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However, most experts say it is crucial that the vaccine is as effective in practice as it claims to be in theory. The scientific data for the vaccine is not available in the public domain yet.

When contacted, Bharat Biotech said that data from the late-stage human clinical trials have been submitted for approval to the regulator Central Drugs Standard Control Organisation and will be released publicly later.

Clinical trials

The Hyderabad-based vaccine maker has said that two separate and simultaneous clinical trials were conducted – one to evaluate the intranasal vaccine as a primary dose schedule; and the second trial as a heterologous booster dose for subjects who have previously received two doses of the two commonly administered Covid-19 vaccines (Covishield and Covaxin) in India.

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While primary dose schedule phase III trials were conducted for safety and immunogenicity in about 3,100 subjects in 14 trial sites, heterologous booster dose studies were conducted for safety and immunogenicity in nearly 875 subjects at nine trial sites across India.

Promising premise

Dr V K Paul, member (health), Niti Aayog and head of the country’s Covid-19 task force in the past, has said that the intranasal vaccine requires minimal training to administer, does not need a needle and syringe and is logistically easier to administer.

Paul and others in the government have said on many occasions that the nasal spray vaccines are also likely to prevent the virus from gaining a foothold in the body at an early stage of the infection, something that most COVID-19 vaccines available as of now are not very good at.

‘Antibodies in nose’

Senior virologist Dr Shahid Jameel, who is associated with the University of Oxford and Ashoka University, said that the intranasal vaccine would in theory produce antibodies at mucosal surfaces like nasal epithelium and the respiratory tract.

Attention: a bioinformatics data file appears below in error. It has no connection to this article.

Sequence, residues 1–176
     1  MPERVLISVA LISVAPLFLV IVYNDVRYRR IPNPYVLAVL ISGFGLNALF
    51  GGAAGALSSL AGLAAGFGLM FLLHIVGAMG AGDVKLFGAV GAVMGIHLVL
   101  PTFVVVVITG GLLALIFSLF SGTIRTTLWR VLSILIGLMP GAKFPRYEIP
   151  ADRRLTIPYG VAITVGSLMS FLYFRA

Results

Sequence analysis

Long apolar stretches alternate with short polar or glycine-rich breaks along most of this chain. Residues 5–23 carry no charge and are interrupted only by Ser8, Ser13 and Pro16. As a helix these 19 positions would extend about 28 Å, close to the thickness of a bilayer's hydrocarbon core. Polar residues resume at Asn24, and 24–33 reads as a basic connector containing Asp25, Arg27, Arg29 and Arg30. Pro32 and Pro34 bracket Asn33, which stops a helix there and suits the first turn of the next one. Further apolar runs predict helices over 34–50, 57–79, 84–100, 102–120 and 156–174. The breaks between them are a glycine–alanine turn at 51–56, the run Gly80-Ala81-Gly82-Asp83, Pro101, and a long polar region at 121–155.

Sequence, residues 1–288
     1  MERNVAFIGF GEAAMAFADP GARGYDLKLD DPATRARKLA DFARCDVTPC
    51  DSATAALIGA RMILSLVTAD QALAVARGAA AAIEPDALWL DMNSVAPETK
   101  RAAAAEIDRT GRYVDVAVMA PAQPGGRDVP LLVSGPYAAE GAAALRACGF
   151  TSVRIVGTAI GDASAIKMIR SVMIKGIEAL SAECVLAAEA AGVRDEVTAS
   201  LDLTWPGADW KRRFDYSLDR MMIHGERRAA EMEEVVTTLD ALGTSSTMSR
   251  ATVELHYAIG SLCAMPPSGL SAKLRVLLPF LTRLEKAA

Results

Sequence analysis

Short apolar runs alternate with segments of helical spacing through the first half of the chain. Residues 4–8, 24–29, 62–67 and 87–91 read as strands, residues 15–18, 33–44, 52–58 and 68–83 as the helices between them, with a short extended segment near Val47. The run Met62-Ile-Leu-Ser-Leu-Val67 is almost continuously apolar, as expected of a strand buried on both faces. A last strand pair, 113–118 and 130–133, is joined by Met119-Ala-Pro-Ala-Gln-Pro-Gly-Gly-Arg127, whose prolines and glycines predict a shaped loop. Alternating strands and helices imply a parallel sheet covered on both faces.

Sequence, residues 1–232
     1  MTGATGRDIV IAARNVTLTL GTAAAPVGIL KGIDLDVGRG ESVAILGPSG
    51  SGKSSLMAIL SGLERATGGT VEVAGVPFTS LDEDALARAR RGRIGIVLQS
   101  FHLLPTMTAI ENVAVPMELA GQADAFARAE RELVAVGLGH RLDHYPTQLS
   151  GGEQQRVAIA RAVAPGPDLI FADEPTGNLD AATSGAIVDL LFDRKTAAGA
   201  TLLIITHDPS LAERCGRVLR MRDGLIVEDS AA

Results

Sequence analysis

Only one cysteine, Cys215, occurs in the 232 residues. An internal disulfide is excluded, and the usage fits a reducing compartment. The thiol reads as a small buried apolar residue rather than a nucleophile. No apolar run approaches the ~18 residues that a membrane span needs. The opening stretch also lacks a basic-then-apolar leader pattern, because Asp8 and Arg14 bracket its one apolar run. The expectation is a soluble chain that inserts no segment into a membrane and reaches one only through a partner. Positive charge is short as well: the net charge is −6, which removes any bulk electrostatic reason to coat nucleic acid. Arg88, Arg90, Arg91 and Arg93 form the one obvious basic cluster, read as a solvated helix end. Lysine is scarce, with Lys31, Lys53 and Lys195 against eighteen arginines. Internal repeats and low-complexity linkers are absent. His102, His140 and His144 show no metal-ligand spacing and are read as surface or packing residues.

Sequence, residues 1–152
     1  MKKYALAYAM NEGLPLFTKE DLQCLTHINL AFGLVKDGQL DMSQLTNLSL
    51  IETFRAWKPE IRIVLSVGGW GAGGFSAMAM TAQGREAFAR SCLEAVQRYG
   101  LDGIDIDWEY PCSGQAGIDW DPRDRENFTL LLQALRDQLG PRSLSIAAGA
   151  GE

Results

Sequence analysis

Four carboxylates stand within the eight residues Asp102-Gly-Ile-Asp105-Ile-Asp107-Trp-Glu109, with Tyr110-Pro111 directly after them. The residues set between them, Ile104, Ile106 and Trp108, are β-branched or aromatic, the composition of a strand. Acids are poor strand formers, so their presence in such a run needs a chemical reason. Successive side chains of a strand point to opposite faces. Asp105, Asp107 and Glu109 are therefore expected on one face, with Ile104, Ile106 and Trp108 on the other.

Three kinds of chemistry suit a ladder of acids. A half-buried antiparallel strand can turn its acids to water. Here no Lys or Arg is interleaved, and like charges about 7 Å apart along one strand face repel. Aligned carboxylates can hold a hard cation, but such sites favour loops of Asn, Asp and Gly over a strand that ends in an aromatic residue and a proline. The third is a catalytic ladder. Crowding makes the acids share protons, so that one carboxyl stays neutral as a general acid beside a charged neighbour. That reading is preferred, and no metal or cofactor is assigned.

This would neutralise incoming viruses early on compared with injectable vaccines that give systemic immunity, he said.

The trick, according to Jameel, is to optimise the dose so that the immune system is triggered and not desensitised.

“The latter is a protection to prevent overwhelming of the immune system. We breathe in many things but don’t make antibodies to all; so unless the data is available on the Bharat Biotech vaccine it’s hard to comment on it,” he said.

Immunologist Dr Dipyaman Ganguly from the Council for Scientific & Industrial Research- Indian Institute for Chemical Biology, too, said that intranasal vaccines are expected to be more efficient in reducing transmission apart from providing similar protection against severity as the vaccines currently in use.

“But definitely data on such efficacies derived from randomised clinical trials should be provided to the peers, regulators and the public,” he said.

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Breakthrough vaccine?

Dr Gopi Krishna Yedlapati, consultant interventional pulmonologist with Yashoda Hospitals in Hyderabad, said that an intranasal vaccine may be welcome in view of the rising infections currently.

However, it needs to be seen whether the vaccine is a breakthrough one as an intranasal vaccine against Swine Flu was not found to be very successful, he said.

According to Yedalapati, the advantage of the vaccine may be its high absorption and convenience of administration for kids as well as the elderly.
Sumi Sukanya Dutta